Secondly, 15.5% would be nice if it was applied to $200 billion, which is what is supposed to be there if the plan were fully funded, but not that much of a factor when applied to $72.4 billion (which I calculate to be the base Christie refers to considering a 15.5% return versus 7.9% to get that $5.5 billion extra). I went into this actuarial flaw in a prior blog:
      https://burypensions.wordpress.com/2012/02/01/pension-funding-flaws/

      Reply

  2. Posted by LGreene on July 6, 2014 at 3:51 pm

    I don’t agree with your point that he should be asking for a change in the ” long term” expected rate of return based on the success of the past year or past few years ( too much volatility) . 15.5% does make it easier to achieve a 7.9% long term rate BUT:

    1) What return would be need to have a 7.9% return over next 5 years , 10years?given the 15.5% return of the past year? Is it achievable? How can the plan reduce its risk to help make its 7.9% return more probable?

    2) An Audit needs to be done of the alternative investments to make sure that the value reported is close to accurate. With 25% of assets in a highly illiquid and non-transparent asset class, it is even more important that a thorough in depth review be done of these investments. Reputable firms would welcome such a review. Those that don’t should be redeemed ASAP and managers found should be willing to be open about the value of their underlying investments.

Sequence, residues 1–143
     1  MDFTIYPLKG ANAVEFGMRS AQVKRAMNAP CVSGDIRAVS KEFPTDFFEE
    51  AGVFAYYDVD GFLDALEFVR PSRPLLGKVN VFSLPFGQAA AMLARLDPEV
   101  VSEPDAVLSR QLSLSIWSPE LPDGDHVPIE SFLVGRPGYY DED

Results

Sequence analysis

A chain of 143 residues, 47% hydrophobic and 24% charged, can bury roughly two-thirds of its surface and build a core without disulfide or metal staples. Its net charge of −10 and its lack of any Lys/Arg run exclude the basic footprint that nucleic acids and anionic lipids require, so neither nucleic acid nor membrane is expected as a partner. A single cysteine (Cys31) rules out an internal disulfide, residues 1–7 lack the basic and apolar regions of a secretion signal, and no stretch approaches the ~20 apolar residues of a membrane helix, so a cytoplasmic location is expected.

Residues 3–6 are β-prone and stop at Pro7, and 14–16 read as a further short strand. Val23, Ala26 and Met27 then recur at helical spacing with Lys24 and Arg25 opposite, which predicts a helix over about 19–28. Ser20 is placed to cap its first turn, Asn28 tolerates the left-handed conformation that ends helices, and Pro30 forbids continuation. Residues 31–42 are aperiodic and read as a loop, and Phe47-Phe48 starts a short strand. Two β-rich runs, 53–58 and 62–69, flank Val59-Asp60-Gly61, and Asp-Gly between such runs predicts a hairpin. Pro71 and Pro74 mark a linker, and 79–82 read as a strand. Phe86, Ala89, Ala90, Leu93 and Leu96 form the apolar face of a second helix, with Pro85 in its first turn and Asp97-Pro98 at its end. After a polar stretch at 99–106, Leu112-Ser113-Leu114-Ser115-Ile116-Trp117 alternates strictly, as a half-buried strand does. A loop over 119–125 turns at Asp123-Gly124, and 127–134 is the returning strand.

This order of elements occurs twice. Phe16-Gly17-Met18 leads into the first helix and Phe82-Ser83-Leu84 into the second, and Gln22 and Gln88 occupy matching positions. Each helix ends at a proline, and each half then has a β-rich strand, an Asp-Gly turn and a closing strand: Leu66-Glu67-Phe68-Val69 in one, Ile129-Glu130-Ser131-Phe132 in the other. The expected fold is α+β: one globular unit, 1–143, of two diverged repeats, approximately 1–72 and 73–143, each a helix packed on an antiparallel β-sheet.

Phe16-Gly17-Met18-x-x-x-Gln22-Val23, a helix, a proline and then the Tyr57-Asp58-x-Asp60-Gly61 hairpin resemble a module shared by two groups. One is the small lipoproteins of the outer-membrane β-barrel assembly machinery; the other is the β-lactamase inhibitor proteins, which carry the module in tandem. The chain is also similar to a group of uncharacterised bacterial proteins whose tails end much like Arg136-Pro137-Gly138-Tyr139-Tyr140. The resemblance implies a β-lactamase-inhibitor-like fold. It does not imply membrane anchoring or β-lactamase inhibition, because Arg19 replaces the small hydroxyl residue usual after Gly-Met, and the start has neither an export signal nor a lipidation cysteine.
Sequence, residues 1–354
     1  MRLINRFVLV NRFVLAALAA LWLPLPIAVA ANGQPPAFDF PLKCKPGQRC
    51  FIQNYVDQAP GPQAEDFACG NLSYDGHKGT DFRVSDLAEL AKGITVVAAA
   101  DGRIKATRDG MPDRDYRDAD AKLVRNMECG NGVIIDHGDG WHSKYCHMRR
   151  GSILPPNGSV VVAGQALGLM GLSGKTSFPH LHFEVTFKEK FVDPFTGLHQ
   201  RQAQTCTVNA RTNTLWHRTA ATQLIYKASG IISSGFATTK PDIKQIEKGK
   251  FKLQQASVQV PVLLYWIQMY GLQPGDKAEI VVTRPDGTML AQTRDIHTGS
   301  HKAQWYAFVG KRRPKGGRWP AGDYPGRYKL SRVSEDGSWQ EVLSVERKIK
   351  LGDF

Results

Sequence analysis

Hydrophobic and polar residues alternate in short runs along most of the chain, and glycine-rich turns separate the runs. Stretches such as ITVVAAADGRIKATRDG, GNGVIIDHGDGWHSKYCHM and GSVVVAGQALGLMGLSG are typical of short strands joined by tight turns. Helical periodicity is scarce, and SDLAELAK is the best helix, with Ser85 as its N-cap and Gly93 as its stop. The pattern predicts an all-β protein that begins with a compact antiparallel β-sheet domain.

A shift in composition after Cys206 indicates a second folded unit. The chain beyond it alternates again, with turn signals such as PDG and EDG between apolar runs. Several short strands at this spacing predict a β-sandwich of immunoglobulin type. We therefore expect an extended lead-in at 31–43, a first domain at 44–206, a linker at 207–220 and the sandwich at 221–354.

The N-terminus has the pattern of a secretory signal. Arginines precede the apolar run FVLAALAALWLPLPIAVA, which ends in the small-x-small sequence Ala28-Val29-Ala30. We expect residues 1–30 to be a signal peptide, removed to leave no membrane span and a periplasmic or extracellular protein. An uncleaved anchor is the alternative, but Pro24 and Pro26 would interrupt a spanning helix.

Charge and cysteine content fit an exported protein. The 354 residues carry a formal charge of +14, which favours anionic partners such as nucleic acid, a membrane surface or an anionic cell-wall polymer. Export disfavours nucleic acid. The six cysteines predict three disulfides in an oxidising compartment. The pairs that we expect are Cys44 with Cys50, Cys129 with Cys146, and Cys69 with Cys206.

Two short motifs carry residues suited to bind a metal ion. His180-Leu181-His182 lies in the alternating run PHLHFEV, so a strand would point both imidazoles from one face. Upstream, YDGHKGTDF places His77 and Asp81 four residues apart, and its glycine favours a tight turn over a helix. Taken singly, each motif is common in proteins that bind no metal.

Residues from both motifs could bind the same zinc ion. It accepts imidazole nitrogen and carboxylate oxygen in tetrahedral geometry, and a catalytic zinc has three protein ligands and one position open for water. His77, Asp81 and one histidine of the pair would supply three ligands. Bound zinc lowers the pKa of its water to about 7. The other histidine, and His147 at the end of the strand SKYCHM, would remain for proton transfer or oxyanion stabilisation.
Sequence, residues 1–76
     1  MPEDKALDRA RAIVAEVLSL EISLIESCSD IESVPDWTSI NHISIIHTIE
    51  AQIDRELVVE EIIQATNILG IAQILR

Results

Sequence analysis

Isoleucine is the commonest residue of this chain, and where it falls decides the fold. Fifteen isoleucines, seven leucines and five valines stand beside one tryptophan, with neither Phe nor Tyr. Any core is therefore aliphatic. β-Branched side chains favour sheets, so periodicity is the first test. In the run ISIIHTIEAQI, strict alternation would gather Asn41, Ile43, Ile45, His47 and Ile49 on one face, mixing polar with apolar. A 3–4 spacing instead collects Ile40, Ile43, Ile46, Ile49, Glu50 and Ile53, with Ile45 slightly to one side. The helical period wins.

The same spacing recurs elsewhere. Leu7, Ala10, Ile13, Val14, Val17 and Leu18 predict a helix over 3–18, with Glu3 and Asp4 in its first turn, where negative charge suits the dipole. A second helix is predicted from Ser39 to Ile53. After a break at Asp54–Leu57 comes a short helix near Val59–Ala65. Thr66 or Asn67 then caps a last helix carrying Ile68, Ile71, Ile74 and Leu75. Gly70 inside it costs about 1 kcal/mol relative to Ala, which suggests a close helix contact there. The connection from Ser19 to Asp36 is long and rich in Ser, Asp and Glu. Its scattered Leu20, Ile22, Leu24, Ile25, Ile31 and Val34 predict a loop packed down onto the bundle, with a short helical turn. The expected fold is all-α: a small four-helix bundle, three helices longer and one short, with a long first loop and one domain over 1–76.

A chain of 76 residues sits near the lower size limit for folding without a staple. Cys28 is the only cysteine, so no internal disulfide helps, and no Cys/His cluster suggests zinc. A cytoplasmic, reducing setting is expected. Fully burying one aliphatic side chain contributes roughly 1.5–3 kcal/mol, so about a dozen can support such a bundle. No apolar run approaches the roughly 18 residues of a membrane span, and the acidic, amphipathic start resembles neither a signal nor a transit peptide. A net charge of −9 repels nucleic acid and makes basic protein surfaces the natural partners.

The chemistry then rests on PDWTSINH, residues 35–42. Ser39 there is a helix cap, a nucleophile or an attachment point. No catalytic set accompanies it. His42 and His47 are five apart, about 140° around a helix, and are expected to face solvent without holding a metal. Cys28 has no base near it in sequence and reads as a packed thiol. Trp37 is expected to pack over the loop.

Some of these managers have close to $1B in assets in illiquid investments. A forensic audit is called for. NJ could even team up with other pension funds that are invested with these managers and collectively request the audit. Some of these assets could even be sold in the secondary market and some of their value realized .

    3) Immediately there should be an effort to review and reduce the fees paid for these investments.

    4) How much have the NJ taxpayers lost ( and retirees) because the fund was underfunded? If the fund had more money invested , such as 1B then the fund would’ve earned $150MM in past year. Now that has to be made up by taxpayers.

    Keep up the good work and providing interesting information

    Reply

  3. Posted by Eric on July 6, 2014 at 4:41 pm

    John:
    I seem to remember that the alternative investments had been listed by you at 38%. I guess the good news, from these numbers, is that it is listed at only 25%.
    Was an error made somewhere?
    Thanks,
    Eric

    Reply

  4. Posted by Eric on July 6, 2014 at 5:09 pm

    John:
    Thank you.
    Eric

    Reply

  5. […] there’s the issue of criticizing a rate of return of 16.9% (or 15.9% or 15.5%).  Imagine you get any one of those as an annual return in your own portfolio.  Are you […]

    Reply

  6. […] there’s the issue of criticizing a rate of return of 16.9% (or 15.9% or 15.5%).  Imagine you get any one of those as an annual return in your own portfolio.  Are you […]

    Reply